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The Brief: Nov. 28, 2012

So much for Texas Republicans losing their clout in Congress next year.

Congressman Michael McCaul at the Texas Capitol on Feb. 23, 2011.

The Big Conversation:

So much for Texas Republicans losing their clout in Congress next year.

House Speaker John Boehner on Tuesday announced, as expected, that U.S. Reps. Jeb Hensarling of Dallas and Lamar Smith of San Antonio had been selected to chair the House Financial Services and Science, Space and Technology committees, respectively. The full House Republican caucus will vote on the chairmanships today.

But hand-wringing — aired publicly before the election — over other Texans like Rep. Pete Sessions of Dallas losing out on plum GOP appointments appears to have been unwarranted.

For one, Boehner on Tuesday confirmed that Sessions, whose hopes of holding on to a leadership position looked dim in September, would lead the influential House Rules Committee. Boehner had announced his selection of Sessions earlier this month.

And in a surprise, Rep. Michael McCaul of Austin was selected to chair the House Homeland Security Committee, as the Tribune's Julián Aguilar reports. McCaul, who is outspoken on immigration and border security, edged out Reps. Mike Rogers of Alabama and Candice Miller of Michigan, who was considered the front-runner for the spot.

The position will give McCaul control over the committee in charge of overseeing the Department of Homeland Security at a time when immigration appears likely to come up for debate in Congress. McCaul recently made news when he said comprehensive immigration reform may be possible next session.

"Honestly, that’s going to be a very contentious issue to deal with," McCaul said earlier this month when asked about the millions of undocumented immigrants in the U.S. "That’s most likely going to come up in the next Congress, and we’re going to have to figure out how best to deal with that."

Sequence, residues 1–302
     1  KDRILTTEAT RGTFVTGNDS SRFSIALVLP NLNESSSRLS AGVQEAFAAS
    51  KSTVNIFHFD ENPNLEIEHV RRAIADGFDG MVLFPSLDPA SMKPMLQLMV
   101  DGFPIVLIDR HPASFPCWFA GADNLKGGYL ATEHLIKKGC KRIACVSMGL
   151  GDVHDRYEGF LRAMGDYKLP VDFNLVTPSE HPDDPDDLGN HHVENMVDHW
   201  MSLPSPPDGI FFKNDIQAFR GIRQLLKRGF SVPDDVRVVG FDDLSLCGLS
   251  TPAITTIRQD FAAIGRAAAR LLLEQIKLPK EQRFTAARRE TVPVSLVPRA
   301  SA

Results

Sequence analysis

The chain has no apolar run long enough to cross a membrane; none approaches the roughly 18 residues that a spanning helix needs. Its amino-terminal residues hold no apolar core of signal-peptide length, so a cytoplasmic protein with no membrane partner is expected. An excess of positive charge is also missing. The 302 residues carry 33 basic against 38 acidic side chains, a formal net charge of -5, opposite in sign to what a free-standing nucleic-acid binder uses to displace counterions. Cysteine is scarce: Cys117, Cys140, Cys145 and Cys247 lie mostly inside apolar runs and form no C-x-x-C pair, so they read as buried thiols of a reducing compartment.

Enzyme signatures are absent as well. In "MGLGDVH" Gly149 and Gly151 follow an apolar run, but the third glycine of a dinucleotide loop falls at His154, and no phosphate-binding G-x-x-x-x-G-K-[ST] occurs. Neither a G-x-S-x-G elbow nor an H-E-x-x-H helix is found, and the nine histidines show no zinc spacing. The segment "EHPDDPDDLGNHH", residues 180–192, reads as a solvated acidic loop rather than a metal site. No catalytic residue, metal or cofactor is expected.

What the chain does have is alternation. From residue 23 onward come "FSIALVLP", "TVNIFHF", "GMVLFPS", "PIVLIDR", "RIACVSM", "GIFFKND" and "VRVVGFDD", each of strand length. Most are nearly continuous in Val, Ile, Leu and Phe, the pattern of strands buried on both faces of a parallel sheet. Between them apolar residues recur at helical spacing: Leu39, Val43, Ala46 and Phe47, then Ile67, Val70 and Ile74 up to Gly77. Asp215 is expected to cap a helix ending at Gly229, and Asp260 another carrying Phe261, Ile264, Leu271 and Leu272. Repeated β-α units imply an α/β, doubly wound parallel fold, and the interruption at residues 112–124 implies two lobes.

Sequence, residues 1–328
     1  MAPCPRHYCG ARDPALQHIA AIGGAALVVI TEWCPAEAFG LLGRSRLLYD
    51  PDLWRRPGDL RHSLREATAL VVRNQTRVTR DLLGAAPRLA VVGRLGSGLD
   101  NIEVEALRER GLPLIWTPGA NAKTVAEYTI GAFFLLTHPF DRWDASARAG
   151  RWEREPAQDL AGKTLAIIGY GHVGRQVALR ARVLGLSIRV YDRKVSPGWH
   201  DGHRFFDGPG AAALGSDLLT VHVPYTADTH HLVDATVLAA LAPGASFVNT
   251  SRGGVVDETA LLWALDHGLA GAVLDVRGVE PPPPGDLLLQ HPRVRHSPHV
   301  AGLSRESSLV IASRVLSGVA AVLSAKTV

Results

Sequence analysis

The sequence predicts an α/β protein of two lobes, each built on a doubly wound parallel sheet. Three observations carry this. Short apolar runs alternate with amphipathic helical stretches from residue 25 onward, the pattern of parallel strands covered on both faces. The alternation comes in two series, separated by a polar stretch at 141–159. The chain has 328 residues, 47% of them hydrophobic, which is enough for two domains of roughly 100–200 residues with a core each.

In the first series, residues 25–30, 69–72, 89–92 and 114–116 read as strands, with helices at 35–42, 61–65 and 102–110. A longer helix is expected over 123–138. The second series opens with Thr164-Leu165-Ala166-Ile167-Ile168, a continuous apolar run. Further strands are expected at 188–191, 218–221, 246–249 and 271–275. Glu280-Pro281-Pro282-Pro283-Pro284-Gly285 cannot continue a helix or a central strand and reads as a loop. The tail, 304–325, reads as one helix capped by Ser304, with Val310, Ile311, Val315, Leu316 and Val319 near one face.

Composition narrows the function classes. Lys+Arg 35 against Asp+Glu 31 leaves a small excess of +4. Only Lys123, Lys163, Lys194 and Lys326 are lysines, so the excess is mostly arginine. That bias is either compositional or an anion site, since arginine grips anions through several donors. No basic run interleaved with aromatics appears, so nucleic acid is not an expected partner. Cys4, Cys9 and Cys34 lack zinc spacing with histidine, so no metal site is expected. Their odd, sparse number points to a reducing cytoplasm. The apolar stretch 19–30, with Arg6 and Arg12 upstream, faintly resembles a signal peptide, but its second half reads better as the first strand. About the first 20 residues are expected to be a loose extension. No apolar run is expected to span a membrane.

Culled:

  • Texas ranks fourth in the nation in high school graduation rates, according to new data released by the U.S. Department of Education. The data also showed Texas tied for first place with Montana for graduation rates among black students and in second place, behind Maine, in rates for Hispanic students. The release of the data came the same day U.S. Education Secretary Arne Duncan visited Dallas to meet with local school leaders.
  • In a Dallas Morning News op-ed, U.S. Sen John Cornyn outlines his plans for federal tax reform, writing that "bipartisan compromise is the only way to avoid further gridlock." But Cornyn, who says he wants the current rates extended until a broader deal is reached, stands firm on opposing any immediate compromise that would include concessions to Democrats on raising taxes on the rich. "Simply put: We cannot tax our way back to budget surpluses and economic prosperity," he writes, adding, "It’s easy for the president to talk about the need for a 'balanced approach.' But a truly balanced approach would have to include major spending cuts and entitlement reforms. There’s nothing balanced about continuing to spend money we don’t have and piling up trillions of dollars in new debt."
  • U.S. Sen. Kay Bailey Hutchison on Tuesday introduced the ACHIEVE Act, a Republican alternative to the DREAM Act, a stalled bill that would offer a pathway to citizenship to some young undocumented immigrants in the U.S. Hutchison's bill, which she co-authored with U.S. Sen. Jon Kyl, R-Ariz., does not include a pathway to citizenship but would establish a three-step visa system for some immigrants. The legislation will lose its main backers next year when Hutchison and Kyl retire, but the Texas senator called the bill a "step forward in addressing a time-sensitive issue."

"There are those that say we’ve got extra money. There is no such thing as extra money." — Gov. Rick Perry in Waco on Tuesday

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